The opposite of Walking Techbane
, these people are just uncannily able to get recalcitrant technology to work. It's not just fixing them, it's miraculous things like getting computers to behave when touched or make the BSOD go away by looking at it. Techfixes are people for whom Percussive Maintenance
Just as Techbanes can be quite knowledgeable about computers but unable to operate them, certain Techfixes may not know anything about the technology they fix.
Often an ability of the Technopath
. Might have Machine Empathy
as a secondary effect.
If it's only a specific device (usually a vehicle) they have this effect on, see Only I Can Make It Go
- In the TRON universe, a human programmer who has entered the computer world has this ability. It is uncertain whether a person less skilled in controlling what goes on in a computer from the outside would have the same power.
- At the beginning of Kidnapping, Caucasian Style, Shurik is riding a donkey, which suddenly stops dead in its tracks as they stumble upon Edik and his stopped truck he's fruitlessly trying to start. Then, as Nina happens to walk by past the two of them, the donkey follows her, while the truck starts on its own.
- Fonzie from Happy Days has this ability due to his coolness. Not only will anything he performs Percussive Maintenance on start working, but he can even use it to "fix" things that aren't broke, like making a vending machine dispense soda without money.
- This is Truth in Television for older soda vending machines. Proper abuse would frequently result in merchandise or a failure in the coin-return system, causing the machine to spit soda and cash everywhere.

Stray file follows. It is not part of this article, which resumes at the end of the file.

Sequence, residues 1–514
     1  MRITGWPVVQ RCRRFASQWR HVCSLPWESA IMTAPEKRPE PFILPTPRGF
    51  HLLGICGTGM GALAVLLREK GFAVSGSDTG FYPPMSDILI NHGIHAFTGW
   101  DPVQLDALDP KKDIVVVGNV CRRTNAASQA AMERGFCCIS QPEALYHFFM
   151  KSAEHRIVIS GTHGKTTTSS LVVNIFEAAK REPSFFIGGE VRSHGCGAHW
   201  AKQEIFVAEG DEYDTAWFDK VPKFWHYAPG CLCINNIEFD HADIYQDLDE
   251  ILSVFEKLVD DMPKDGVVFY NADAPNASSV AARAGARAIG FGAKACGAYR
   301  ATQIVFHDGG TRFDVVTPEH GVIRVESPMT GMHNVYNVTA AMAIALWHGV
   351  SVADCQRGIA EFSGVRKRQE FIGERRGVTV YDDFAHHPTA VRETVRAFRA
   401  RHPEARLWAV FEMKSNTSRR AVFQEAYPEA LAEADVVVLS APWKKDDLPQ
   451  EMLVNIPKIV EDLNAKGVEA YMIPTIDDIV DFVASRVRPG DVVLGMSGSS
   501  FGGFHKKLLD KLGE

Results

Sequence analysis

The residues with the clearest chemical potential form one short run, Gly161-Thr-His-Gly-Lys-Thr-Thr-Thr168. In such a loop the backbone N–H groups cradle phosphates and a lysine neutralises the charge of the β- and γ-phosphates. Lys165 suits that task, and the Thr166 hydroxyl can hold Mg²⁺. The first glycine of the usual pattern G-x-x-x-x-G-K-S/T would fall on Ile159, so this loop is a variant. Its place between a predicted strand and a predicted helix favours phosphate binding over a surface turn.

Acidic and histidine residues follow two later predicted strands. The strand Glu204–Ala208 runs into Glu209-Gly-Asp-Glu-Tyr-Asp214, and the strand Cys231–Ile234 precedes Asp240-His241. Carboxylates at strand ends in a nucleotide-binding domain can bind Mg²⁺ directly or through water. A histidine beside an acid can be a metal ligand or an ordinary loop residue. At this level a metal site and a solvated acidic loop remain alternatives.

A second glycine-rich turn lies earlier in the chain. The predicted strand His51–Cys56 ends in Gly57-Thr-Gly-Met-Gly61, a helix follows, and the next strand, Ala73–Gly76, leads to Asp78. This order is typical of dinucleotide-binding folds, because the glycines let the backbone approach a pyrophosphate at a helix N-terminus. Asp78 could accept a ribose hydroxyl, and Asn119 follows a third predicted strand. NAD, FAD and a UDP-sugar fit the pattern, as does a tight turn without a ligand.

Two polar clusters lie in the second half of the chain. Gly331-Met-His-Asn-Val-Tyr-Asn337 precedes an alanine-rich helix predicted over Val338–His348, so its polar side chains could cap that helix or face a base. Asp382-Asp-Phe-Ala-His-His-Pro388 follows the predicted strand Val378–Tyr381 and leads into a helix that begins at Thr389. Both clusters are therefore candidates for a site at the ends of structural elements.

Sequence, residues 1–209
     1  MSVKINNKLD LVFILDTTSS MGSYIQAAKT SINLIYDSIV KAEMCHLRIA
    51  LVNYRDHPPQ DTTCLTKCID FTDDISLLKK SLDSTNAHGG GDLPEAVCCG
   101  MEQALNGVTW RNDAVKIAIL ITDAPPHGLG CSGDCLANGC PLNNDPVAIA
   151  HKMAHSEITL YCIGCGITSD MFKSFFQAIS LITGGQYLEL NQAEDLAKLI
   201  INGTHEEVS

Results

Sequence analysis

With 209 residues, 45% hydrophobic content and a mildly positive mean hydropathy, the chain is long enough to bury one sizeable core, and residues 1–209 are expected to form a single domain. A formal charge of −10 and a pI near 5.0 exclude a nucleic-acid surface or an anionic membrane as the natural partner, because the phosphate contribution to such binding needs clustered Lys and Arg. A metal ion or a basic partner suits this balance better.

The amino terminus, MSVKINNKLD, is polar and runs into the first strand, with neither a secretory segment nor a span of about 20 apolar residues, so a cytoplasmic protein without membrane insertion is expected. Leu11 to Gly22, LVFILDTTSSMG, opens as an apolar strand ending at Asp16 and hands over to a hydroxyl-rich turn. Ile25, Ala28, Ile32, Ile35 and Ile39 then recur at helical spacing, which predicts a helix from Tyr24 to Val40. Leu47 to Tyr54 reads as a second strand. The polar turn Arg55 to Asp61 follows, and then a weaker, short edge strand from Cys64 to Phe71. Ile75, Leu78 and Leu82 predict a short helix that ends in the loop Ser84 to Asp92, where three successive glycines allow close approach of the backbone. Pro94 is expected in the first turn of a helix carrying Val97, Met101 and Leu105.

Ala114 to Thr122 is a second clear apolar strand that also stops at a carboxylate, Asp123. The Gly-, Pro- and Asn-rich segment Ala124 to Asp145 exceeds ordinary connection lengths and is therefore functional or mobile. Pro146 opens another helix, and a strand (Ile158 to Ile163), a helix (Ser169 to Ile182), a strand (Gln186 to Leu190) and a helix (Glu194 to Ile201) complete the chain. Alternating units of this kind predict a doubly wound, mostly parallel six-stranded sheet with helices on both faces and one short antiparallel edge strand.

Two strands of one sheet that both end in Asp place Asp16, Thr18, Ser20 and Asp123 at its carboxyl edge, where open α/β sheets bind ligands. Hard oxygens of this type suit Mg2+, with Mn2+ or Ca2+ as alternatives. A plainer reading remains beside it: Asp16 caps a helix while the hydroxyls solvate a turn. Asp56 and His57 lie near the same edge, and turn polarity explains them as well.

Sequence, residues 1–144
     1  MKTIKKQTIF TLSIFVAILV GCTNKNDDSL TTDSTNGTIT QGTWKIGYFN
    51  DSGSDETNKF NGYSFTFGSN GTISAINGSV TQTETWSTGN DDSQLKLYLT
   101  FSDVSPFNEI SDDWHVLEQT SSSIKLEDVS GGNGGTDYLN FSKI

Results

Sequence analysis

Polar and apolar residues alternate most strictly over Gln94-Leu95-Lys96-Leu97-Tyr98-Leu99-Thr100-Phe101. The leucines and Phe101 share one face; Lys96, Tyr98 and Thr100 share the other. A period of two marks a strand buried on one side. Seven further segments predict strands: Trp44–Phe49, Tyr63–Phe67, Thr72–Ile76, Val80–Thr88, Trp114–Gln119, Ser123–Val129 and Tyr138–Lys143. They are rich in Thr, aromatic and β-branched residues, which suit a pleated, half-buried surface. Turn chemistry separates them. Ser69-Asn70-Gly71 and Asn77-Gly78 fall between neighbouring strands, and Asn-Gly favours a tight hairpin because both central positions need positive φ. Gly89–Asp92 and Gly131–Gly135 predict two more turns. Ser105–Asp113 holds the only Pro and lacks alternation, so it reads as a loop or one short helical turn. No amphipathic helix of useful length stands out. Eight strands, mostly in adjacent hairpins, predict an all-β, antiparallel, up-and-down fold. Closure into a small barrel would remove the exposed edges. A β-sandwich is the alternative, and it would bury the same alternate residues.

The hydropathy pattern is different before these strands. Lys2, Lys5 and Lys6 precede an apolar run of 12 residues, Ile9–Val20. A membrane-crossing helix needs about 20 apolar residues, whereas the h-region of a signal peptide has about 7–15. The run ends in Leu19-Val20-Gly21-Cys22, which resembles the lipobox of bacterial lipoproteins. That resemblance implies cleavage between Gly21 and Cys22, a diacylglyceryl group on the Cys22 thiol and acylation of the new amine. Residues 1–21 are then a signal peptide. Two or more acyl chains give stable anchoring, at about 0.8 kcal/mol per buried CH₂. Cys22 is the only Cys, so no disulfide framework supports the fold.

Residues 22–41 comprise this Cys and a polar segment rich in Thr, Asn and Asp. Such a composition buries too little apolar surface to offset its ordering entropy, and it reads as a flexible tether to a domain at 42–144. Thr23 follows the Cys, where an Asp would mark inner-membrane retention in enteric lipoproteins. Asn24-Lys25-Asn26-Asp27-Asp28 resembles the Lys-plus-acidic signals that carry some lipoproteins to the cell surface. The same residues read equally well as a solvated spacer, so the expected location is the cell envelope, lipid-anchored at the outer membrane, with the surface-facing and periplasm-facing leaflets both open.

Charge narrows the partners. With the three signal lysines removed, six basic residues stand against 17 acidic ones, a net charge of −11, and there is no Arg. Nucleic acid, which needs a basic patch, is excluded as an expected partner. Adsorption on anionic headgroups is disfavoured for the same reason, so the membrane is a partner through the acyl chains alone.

- In Warhammer 40,000, if an Ork thinks a machine will work, it will.
- A character in one of the Ciaphas Cain novels notes "Give an Ork a stick and convince him it's a gun and it will shoot bullets."
- In the Deadlands: Hell on Earth setting, a junker can assemble scrap into a machine that just looks like it could work, then get a technology spirit to inhabit it and finish the job.
- Paranoia has the mutant powers of Mechanical Intuition (which gives you an uncanny insight into how machines work) and Machine Empathy (which makes bots and other AIs like you and generally do what you want). Confusingly, Mechanical Intuition is an example of the Machine Empathy trope, while Machine Empaths are examples of Technopaths.
- Command & Conquer's engineers:
- First off, they can generally repair anything (with 2 exceptions) to full health instantly.
- In Tiberian Dawn, they apparently can convince everyone in the entire building (whether they are level-headed soldiers or cultist fanatics) that they are now working for GDI/Nod. Some speculate that their toolbox is involved... They also instantly fix any incompatibilities between EVA and CABAL. However, Firestorm shows this isn't such a problem, and Nod always using CABAL started in Tiberian Sun, so most people who play Tiberian Dawn ignore that Retcon since it sounds like EVA and CABAL wasn't mentioned until Tiberian Sun.
- This is a remnant of Dune II, in which any infantry (besides Saboteurs) would damage a building if it was not in red health, and capture it if it was. Since CnC1 used this new streamlined GUI (first introduced in Dune 2 for the Genesis), you couldn't order soldiers to enter buildings anymore. So they introduced the engineer, who couldn't attack buildings (or anything else), only capture buildings.
- In Red Alert, if the building was in red health, suddenly the Greeks now work for the Ukrainians. If not, I can only assume that the engineers decide that with such little damage done to the building, their life will be boring and blow themselves up.